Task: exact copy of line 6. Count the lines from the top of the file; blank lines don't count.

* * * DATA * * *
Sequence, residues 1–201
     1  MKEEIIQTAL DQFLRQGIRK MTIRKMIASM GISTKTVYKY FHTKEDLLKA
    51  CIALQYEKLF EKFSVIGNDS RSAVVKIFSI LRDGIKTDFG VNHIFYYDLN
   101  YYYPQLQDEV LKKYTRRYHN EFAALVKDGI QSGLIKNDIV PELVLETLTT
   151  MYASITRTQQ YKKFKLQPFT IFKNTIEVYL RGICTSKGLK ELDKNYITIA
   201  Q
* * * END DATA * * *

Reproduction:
   201  Q